The State of Sound


Crystal – Clear Sound

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The first time I came face-to-face with a Waterfall floorstanding speaker, I must admit that I was rather disconcerted. When we imagine a speaker, we imagine an object made of wood. This floorstanding speaker model is immediately intriguing because it is entirely made of glass. Manufacturers of traditional speakers regularly offer models with cut-aways, which allow us to discover all the technology that goes into making these “boxes”, including the insulation, which is essential in damping the loudspeaker’s higher frequencies. As you get closer to a Waterfall floorstanding speaker, it is striking to see that its enclosures are simply empty! It is only possible to make out the discrete and elegant weaving of cables that runs along the glass wall and feeds the loudspeakers.

I therefore propose that we go back in time with Cédric Aubriot, the founder and general manager of Waterfall, to explore the genesis of this extraordinary product. After having built his first loudspeaker at the age of 12, this lover of acoustics worked in speaker sales. Being very familiar with the market, he quickly discovered that speaker aesthetics play an important role in speaker purchases. He has therefore ruminated and speculated on how to generate a product whose aesthetics differ from those of its competitors while simultaneously delivering high-quality, high-performing acoustics.

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The Top of the Niagara Floorstanding Speaker

But why glass speakers ? How does that work ?

Cédric Aubriot reminds us that a speaker needs an enclosed space, an “encircling” material. “Although wood fits this role perfectly, it is not a material that, strictly speaking, has unique acoustic properties when used to make speakers; this contrasts, of course, with the properties wood demonstrates when used in acoustic instruments. I very quickly became interested in glass as an alternative, and I tried to understand why several experiments involving glass speakers had all failed,” he reminisces. A first attempt was made in 1955 by a Danish designer, and then the German company, Backer & Muller, released a few glass products in the 1980s.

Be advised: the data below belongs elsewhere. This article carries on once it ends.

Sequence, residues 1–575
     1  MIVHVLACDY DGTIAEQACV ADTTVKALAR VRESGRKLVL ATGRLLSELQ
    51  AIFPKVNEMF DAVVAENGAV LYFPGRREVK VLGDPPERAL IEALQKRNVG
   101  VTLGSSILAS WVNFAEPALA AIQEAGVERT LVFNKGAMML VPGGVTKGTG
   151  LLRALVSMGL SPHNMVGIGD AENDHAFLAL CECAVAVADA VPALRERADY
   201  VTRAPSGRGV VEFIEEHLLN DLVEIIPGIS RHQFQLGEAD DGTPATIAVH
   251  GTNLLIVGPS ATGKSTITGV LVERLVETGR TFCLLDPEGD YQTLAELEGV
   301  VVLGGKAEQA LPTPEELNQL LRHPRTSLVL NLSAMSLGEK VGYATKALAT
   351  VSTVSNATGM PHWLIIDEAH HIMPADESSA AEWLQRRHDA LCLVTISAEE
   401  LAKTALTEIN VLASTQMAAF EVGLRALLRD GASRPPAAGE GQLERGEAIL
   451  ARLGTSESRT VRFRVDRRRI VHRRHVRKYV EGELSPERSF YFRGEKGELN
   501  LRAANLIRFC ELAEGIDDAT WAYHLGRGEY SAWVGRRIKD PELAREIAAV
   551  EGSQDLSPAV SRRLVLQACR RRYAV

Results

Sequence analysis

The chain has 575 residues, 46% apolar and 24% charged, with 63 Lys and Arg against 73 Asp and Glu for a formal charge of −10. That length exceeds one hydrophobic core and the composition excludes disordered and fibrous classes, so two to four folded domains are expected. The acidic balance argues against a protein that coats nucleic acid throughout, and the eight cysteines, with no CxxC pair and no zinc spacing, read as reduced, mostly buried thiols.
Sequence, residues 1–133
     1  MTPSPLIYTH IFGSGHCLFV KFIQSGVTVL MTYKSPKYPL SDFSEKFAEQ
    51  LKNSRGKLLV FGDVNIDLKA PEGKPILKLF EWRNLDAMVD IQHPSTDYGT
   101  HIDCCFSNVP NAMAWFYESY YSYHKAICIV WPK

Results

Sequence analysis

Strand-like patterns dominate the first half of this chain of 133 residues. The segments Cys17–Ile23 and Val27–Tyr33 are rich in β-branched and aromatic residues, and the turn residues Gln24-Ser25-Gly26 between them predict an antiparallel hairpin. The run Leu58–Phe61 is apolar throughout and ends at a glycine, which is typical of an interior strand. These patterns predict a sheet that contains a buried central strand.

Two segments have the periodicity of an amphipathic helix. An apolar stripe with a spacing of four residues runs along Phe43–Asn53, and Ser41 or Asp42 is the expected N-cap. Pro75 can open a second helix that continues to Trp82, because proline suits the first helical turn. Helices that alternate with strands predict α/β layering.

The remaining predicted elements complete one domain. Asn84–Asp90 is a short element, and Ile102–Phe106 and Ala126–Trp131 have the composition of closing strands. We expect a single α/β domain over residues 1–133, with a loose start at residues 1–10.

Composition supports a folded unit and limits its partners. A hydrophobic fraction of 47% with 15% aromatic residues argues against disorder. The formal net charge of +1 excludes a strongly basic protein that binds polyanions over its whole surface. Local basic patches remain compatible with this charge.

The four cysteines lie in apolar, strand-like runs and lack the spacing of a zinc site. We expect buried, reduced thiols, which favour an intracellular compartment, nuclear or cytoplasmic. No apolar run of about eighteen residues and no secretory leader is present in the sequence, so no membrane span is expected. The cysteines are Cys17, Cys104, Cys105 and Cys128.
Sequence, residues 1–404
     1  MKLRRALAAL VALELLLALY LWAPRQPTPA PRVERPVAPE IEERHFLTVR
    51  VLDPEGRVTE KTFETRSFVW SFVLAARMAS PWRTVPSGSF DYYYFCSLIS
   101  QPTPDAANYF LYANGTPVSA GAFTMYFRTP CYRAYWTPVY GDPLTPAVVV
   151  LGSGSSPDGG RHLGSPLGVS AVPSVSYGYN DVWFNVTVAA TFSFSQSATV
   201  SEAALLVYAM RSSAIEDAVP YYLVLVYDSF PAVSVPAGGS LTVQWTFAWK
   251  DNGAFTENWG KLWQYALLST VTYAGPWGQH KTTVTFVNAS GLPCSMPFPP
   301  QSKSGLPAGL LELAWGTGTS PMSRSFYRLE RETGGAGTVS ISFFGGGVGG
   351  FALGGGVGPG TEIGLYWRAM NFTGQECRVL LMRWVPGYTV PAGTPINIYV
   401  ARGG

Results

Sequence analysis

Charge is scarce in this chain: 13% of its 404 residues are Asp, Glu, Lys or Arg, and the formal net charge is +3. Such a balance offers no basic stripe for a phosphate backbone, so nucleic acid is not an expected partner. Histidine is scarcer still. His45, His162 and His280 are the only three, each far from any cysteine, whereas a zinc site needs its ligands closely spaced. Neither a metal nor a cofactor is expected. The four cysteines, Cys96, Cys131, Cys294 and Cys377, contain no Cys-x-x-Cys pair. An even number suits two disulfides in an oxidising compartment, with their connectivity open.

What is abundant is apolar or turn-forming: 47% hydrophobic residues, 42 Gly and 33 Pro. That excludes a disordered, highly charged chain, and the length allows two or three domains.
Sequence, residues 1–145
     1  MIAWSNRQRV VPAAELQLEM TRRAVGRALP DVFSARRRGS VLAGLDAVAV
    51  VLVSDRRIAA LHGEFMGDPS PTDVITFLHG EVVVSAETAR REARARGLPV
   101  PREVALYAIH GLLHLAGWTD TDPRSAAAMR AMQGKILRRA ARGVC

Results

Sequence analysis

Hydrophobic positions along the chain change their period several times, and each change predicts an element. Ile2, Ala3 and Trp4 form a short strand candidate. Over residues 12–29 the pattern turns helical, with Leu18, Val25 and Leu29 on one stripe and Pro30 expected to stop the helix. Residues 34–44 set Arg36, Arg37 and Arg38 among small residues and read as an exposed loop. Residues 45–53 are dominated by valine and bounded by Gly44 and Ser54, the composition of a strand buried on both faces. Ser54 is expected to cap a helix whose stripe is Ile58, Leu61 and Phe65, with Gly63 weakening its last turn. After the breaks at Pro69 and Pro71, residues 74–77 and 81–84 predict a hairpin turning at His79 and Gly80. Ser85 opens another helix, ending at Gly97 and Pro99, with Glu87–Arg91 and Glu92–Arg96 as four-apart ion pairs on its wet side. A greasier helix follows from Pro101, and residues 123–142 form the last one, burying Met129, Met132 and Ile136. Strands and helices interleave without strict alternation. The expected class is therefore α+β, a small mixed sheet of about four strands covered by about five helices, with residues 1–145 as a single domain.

The primary constraint imposed by glass is one of size: it is a highly reflective medium, a true mirror, everything that one should avoid when designing a speaker. From the start, it was inconceivable that the speaker’s interior space should be filled with traditional insulation materials since it is precisely the glass’ transparency that is prized for clearly aesthetic reasons.

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The Acclaimed Loudspeaker Furnished by ATOHM

It was in the mid-1990s that Waterfall (in affiliation with ATOHM, the French manufacturer of high-quality speakers and loudspeakers) patented the “Acoustic Damping Tube” system, which allowed the loudspeaker to properly function within a non-insulated structure, such as a glass speaker. The loudspeaker is mounted along with an integrated damping chamber in the back of the speaker. It functions a bit like a valve and also behaves like a hydraulic damp at low frequencies.

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With the goal of further widening the bandwidth of the bass range, the model also includes a passive loudspeaker that conveys the lowest bass frequencies, which was wisely integrated into the aluminum pedestal.

For my part, I have had the chance to listen to a magnificent recording of a live Diana Krall concert in Brazil on Victoria Evo floorstanding speakers, and I was pleasantly surprised. What first struck me was the dynamic way in which they handled the playback, offering an audio experience that was both realistic and well balanced. Their ability to convey the music’s timbre is completely respectable. The singer’s backup trio also sounded good: the bass was well presented without being invasive.

Waterfall became a company in 1996; its commercial seat and factory are located in the south of France. Half of its sales come from exports. The manufacturer also offers wall and in-wall speakers as well as home theater systems. Generally, the price of their floorstanding speakers ranges from 2,200 to 2,900 €. The high-end Niagara is the brand’s showcase model and costs more than 30,000 €.

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This entry was posted on 26/04/2013 by in Interviews, Loudspeakers and tagged , , , , , .
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